3. Power rule: When a quantity Q is raised to a power P, the relative error in the result is P times the relative error in Q. This also holds for negative powers.
    begin mathsize 12px style text If R=Q end text to the power of straight p comma straight r over straight R equals straight P cross times straight q over straight Q end style
  4. The quotient rule is not applicable if the numerator and denominator are dependent on each other.
    E .g. if begin mathsize 12px style text R= end text fraction numerator XY over denominator straight X plus straight Y end fraction end style. We cannot apply quotient rule to find the error in It Instead we write the equation as follows begin mathsize 12px style 1 over straight R equals 1 over straight x plus 1 over straight Y end style  . Differentiating both the
    Sides, we get
    begin mathsize 12px style text-end text dR over straight R squared equals negative dX over straight X squared minus dY over straight Y squared.    Thus straight r over straight R squared equals straight x over straight X squared plus straight y over straight Y squared end style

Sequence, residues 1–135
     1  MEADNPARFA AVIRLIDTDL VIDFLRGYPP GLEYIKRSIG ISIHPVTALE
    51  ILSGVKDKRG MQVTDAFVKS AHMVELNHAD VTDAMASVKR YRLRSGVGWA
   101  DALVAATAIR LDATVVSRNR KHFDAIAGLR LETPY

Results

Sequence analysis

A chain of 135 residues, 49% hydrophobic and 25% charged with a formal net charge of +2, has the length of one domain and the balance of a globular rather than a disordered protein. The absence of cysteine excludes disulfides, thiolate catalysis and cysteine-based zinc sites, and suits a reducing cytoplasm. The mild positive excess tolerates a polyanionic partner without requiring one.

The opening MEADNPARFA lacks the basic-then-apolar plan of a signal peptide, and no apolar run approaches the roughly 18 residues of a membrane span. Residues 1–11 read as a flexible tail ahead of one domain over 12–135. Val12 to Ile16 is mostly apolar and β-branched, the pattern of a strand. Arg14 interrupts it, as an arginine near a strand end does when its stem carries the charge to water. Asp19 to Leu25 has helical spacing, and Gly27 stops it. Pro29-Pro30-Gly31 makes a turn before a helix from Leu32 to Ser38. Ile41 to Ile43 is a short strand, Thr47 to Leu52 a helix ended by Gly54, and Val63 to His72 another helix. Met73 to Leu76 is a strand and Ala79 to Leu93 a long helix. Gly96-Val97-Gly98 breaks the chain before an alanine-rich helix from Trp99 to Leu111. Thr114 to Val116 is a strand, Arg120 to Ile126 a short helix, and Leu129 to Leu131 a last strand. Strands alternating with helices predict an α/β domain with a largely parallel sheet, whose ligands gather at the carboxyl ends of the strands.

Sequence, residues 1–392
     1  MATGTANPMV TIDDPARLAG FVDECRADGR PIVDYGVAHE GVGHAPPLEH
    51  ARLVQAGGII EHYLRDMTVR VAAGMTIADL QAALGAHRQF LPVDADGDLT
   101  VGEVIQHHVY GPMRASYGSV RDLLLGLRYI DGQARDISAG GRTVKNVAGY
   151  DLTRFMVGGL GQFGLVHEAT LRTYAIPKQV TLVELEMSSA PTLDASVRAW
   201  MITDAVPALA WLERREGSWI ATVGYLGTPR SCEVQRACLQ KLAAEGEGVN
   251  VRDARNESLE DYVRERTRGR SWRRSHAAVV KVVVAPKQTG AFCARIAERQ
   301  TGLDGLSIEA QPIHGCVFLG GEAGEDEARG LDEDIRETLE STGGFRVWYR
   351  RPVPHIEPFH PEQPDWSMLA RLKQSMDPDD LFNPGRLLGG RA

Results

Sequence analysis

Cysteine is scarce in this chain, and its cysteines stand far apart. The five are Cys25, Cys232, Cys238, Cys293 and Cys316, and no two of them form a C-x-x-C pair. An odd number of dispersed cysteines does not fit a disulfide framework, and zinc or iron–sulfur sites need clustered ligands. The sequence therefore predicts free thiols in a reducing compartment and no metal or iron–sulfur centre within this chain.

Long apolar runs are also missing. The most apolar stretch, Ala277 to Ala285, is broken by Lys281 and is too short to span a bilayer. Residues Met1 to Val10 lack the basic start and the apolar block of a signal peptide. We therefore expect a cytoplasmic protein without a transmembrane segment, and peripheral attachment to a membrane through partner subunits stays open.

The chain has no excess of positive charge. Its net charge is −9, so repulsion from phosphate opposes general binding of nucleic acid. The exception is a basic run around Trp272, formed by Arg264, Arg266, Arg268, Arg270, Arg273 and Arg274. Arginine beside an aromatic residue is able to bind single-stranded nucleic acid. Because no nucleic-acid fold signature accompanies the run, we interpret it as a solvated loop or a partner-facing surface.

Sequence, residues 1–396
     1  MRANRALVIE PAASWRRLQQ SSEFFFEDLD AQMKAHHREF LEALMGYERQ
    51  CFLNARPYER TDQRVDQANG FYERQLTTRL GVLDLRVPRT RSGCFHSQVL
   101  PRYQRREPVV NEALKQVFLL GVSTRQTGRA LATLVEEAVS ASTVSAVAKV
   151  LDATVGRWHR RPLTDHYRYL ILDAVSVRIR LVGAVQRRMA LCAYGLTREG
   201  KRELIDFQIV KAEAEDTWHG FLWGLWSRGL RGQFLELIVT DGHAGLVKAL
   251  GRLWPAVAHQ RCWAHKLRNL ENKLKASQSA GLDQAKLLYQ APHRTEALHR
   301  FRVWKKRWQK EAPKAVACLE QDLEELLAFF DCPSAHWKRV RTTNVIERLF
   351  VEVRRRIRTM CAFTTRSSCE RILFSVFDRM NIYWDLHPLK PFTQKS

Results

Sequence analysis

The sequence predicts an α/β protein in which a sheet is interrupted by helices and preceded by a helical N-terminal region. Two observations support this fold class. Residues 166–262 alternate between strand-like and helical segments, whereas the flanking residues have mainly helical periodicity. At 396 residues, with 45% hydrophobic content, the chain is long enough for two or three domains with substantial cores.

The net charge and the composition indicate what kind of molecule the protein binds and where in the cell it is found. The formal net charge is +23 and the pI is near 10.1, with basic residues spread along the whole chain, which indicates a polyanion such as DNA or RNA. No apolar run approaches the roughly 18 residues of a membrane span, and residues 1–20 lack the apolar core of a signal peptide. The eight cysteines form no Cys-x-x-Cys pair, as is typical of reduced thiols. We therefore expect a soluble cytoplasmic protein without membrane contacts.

Significant figures are digits that are statistically significant. There are two kinds of values in science:

  1. Measured Values
  2. Computed Values

The way that we identify the proper number of significant figures in science are different for these two types.


Identifying a measured value with the correct number of significant digits requires that the instrument’s calibration be taken into consideration. The last significant digit in a measured value will be the first estimated position. For example, a metric ruler is calibrated with numbered calibrations equal to 1 cm. In addition, there will be ten unnumbered calibration marks between each numbered position. (Each equal to 0.1 cm). Then one could with a little practice estimate between each of those marking. (Each equal to 0.05 cm). That first estimated position would be the last significant digit reported in the measured value. Let’s say that we were measuring the length of a tube, and it extended past the fourteenth numbered calibration half way between the third and fourth unnumbered mark. The metric ruler was a meter stick with 100 numbered calibrations. The reported measured length would be 14.35 cm. Here the total number of significant digits will be 4.